Learning about financial matters like saving, budgeting and business building opens up opportunities for women who have experienced domestic violence to have more of a voice in their home and communities. The Anglican Sisters at the Christian Care Centre are reaching those who need it most.
In recent years Anglican Overseas Aid began working more closely with the Christian Care Centre (CCC) in Guadalcanal province, Solomon Islands as a part of our Safe, Strong Communities program. The CCC is an important refuge for women, as one of only a few places women can go to receive shelter and support in situations of domestic violence in the Solomon Islands. It is owned and run by our partner, the Anglican Church of Melanesia (ACOM), with Anglican Sisters managing and delivering the services and programs.
At the Anglican Sisters’ request, Anglican Overseas Aid worked with ACOM to deliver training to the Sisters so that they can teach the women that come to them for more help about financial literacy. Teaching vulnerable women that come to them for refuge skills like saving money and avoiding financial challenges helps give them more independence and control over their lives and equips them to take care of their family and children. Money skills also help them navigate stressful financial situations at home that impact their relationships.
The Sisters take the new learning from the financial literacy training and talk to the women about money and finances during their ongoing existing activities with the women, including handicrafts and vocational sessions. The skills they learn teach them how to identify financial problems, budget, set achievable goals and saving plans, and give them insight into opportunities to earn money.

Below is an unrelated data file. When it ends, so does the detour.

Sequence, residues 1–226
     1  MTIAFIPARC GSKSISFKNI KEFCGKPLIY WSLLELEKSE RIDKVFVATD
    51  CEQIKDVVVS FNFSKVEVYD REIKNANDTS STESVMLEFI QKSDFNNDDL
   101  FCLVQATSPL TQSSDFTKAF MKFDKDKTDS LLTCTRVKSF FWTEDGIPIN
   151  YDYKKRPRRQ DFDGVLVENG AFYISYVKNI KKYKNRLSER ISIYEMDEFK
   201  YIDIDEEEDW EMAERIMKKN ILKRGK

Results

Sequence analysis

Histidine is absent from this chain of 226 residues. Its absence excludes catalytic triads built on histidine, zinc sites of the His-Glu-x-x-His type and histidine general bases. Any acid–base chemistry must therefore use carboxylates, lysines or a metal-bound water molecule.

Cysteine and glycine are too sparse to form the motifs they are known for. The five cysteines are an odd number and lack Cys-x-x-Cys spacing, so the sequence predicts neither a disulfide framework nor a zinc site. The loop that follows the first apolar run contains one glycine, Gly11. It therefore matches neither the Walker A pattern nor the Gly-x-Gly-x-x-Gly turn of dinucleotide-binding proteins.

During their time at the Christian Care Centre, the survivors open up, giving the Sisters the opportunity to talk to them about their relationships and home life. The opportunity to counsel the survivors in their time at the Centre is invaluable. To help them with this, the Sisters who attended the financial literacy training also attended Gender Equality Theology (GET) training. This training about gender relations from a Christian-values-based perspective allows the Sisters to talk to the women in a way that they will understand and engage with.
While sometimes it can be hard for both the Sisters and the survivors to accept any re-interpretation of the Bible and theology, the women’s views and outlook soften and change, which ultimately rebuilds confidence in both themselves and humanity. The training is an important part of addressing the underlying causes of gender-based violence and the traditional ideas that contribute to the harm the survivors have experienced.
With these trainings, however, the Anglican Sisters are encouraged that they are able to positively influence the women and give them the skills they need to rebuild their lives when they leave the CCC.